My Dear I Wanted to Tell You is a First World War novel whose narrative flits between London, France, and Sidcup UK. The main story is told through the eyes of soldier Riley Purefoy, and VAD nurse, Rose. Working class Riley signs up for war straight away, leaving his middle-class childhood sweetheart, Nadine, behind in London without any explanation. But the romance continues throughout scarce letters that they begin to send to each other. Meanwhile, Riley meets Captain Locke, whose wife Julia is missing him terribly back home in Sidcup, and whose cousin Rose is working in France as a voluntary nurse. Locke then promotes Riley to an officer, and as the plot thickens, the events unfold in a way that you would never imagine and all five character’s lives become entwined.
The book mainly explores the emotional and physical pain of war (Riley), as well as post-traumatic stress disorder (Locke), and is very accurate with its historical information of battles, places in France, and dates (well, the author Louisa Young IS Kathleen Scott’s grand-daughter!), as well as medical terminology about how soldiers’ faces were re-sculptured and put back together, which very eye-opening and interesting to read. However, over the few chapters that involved the soldier’s healing face, the self-pity over three chapters got a little boring and annoying. Now of course if you were a soldier suffering like that you would have course have been feeling down and depressed with everything you had been through in France, probably not caring whether you were getting better or not. However, this is a fictional account, and for the reader the self-pitying does become rather unbearable. Maybe if it had been a work of non-fiction, this would have been different.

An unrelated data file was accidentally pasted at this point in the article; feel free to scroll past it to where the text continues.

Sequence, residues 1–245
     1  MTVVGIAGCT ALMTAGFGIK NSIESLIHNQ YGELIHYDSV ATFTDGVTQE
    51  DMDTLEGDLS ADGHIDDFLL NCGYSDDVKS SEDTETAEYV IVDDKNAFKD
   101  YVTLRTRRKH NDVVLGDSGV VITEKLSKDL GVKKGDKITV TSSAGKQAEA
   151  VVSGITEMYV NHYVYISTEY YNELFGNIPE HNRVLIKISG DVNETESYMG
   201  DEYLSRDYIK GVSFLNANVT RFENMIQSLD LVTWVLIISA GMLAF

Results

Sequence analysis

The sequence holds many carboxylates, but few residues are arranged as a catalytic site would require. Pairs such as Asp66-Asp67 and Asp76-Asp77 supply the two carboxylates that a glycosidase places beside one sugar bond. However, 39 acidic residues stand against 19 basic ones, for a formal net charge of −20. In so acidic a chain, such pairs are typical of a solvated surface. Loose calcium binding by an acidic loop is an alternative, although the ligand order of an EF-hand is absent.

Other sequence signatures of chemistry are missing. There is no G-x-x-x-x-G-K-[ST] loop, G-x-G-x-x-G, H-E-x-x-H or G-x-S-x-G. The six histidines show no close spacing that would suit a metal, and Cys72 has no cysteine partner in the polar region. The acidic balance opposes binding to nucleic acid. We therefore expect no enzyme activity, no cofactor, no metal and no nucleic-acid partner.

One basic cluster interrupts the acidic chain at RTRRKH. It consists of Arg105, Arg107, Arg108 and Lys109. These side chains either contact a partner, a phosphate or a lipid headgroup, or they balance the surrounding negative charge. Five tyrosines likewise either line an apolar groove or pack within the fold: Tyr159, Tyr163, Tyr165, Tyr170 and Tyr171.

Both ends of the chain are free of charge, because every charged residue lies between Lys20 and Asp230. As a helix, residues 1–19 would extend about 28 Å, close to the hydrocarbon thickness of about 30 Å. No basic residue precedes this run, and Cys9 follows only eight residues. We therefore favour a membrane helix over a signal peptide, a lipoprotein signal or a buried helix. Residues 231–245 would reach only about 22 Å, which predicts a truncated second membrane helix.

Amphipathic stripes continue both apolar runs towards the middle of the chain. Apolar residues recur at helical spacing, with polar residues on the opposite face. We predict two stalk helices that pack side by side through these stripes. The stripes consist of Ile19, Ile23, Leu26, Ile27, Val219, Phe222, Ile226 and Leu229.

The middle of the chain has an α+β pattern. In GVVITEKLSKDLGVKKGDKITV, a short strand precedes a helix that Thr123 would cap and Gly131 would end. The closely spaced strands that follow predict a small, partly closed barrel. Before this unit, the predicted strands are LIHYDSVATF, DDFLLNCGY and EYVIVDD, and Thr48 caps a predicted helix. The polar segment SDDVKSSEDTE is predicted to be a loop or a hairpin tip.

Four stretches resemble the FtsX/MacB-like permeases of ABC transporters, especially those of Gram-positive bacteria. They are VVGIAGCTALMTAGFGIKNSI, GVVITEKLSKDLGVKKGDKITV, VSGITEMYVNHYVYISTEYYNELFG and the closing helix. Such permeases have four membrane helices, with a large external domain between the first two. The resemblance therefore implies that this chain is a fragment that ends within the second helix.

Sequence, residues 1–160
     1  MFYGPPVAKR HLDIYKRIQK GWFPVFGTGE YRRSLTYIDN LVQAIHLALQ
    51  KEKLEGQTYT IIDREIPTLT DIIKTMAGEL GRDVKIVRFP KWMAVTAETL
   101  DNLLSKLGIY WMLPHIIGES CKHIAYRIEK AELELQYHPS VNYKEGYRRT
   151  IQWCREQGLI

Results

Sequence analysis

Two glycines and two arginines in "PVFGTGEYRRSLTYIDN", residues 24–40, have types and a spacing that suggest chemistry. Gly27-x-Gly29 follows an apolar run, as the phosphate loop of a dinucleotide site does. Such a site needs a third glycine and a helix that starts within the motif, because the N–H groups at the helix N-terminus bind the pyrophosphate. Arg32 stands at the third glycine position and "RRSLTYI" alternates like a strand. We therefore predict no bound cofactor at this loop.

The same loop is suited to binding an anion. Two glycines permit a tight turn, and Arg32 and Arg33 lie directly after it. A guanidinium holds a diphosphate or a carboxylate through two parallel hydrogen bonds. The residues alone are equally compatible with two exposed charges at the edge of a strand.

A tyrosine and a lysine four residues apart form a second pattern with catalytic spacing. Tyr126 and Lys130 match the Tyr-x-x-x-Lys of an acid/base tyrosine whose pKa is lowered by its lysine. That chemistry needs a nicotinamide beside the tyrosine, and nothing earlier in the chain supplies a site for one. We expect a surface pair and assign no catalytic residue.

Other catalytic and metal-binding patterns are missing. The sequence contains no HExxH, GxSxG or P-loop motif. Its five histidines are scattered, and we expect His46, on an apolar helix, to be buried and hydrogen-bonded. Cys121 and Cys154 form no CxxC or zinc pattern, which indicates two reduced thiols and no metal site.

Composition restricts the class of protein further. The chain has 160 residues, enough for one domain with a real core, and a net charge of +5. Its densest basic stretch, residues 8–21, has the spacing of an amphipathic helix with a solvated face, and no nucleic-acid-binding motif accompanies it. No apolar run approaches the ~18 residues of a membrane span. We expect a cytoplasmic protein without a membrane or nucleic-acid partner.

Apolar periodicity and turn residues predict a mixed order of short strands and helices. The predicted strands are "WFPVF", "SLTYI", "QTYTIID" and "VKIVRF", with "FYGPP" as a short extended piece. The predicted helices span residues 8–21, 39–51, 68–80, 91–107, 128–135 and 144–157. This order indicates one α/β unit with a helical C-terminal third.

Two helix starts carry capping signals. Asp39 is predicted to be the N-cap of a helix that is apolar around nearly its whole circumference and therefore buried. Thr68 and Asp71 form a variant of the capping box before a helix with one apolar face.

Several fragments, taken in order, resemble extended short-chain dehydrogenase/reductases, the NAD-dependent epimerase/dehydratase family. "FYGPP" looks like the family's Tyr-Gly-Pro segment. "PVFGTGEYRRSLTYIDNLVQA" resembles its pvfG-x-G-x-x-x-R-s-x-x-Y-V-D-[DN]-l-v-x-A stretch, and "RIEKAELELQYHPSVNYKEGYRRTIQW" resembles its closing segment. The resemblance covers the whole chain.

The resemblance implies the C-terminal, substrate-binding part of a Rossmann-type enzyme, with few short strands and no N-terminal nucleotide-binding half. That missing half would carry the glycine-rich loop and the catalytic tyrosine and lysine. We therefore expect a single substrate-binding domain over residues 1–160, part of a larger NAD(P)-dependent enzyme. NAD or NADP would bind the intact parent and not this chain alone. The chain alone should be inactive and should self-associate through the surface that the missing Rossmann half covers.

Also, linguistically and grammatically, a few sentences were a little confusing without the use of commas or conjunctions, as the phrase could usually have had more than one meaning, and had to be read a couple of times over for it to fit in with the rest of the paragraph.
Finally, considering that the whole book was supposed to be a love-story, the ending did not have the anticipated finale or even the desired effect of a romance novel. (Surprisingly, there were no tears at the end for once, which, to someone who even cries at a few Dsiney films, is very disappointing for a said love-story!)
So, if you want to read about how war’s emotional and physical effects affect individuals in different ways, battle locations. and how surgeons re-pieced together soldiers’ faces in the First World War, then go ahead, then My Dear I Wanted to Tell You is definitely the book for you!
…If not, stick to Birdsong.